‘I don’t know,’ Dad says ‘Maybe.’

‘Maybe they’re for love too,’ I say.

Dad looks thoughtful. ‘I tell you what, Grace. I’ll make a deal with you. I promise to stop arguing with your Mum. I mean, I’ll really try my best. But I would like you to call Roxanne and apologise for scaring Kai with the worm. It would make things much easier, for all of us.’

I think for a moment. Dove’s are the symbol for peace. It feels like a sign. I look at the bird man. He smiles at me and I notice the crinkly lines around his eyes. He looks as old as time. I guess

Dad’s deal is a fair one. ‘Okay,’ I say. ‘I’ll call her. As long as you stop arguing with Mum.’

Dad leans over and puts his arm around me. ‘That’s my girl,’ he says.

I roll my eyes and try to wriggle away, although it’s kind of nice. I feel relaxed for the first time in weeks. I feel, just for a second, like I’ve got my dad back.

The bird man suddenly lifts his arms and all the birds fly into the air. I shriek and cover my face with my hands. I can’t bear the sound of their wings. The bird man begins to laugh.

 

Emily Critchley grew up in Essex and now lives in North London. She is the author of Notes on My Family, long-listed for the 2018 Branford Boase award. Emily has a degree in Creative Writing from London Metropolitan University and is currently studying for an MA in Creative Writing at Birkbeck, University of London. When she isn’t writing she enjoys reading, watching films, and bouncing her mini-trampoline.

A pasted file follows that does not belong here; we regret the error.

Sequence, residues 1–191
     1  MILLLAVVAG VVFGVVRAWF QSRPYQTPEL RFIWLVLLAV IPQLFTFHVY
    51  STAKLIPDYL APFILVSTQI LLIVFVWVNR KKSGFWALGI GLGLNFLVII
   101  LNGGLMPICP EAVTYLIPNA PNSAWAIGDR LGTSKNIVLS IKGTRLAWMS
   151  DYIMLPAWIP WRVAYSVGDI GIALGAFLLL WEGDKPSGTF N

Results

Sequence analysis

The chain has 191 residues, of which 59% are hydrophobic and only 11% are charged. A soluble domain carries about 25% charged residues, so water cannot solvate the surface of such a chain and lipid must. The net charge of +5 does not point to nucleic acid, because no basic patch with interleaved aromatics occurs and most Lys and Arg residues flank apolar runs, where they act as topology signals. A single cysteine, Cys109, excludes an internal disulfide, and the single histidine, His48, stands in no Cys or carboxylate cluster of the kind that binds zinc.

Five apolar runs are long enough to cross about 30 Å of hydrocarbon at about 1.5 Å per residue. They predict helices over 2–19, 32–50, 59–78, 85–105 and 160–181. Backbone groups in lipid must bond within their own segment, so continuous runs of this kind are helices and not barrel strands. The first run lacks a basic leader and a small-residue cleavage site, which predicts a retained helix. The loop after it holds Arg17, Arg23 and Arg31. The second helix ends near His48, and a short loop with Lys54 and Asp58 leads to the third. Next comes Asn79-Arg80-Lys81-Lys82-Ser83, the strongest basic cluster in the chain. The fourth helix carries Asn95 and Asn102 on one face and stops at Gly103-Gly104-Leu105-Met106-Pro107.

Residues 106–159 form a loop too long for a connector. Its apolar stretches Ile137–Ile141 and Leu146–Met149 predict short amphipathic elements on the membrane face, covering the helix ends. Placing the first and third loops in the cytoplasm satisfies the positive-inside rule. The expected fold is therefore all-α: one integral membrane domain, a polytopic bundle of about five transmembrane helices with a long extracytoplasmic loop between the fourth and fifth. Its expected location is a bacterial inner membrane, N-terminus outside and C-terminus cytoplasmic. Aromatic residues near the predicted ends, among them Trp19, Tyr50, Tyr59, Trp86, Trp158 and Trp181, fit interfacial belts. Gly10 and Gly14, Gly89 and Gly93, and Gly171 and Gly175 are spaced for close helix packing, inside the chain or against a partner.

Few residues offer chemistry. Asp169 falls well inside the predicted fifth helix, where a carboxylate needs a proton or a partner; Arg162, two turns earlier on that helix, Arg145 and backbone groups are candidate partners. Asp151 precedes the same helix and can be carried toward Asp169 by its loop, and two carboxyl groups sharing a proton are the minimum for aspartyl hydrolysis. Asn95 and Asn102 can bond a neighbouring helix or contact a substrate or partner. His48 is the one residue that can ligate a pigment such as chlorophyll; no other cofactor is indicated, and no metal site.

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Language & Literature

The Great Vowel Shift

the great vowel shift

Millie

Millie is a British writer and translator living and working in Cyprus. She writes about etymology on Jump! Mag and on Glossologics, and shares her children’s stories on Kidscapers.
If you have learnt a foreign language, or if you are bilingual in another European language, you may have noticed that there are a number of words that are similar to words in English. Perhaps you may even have been told that some of them are derived from Latin or Greek, or that they have Germanic roots. But why is the pronunciation so often so different in English?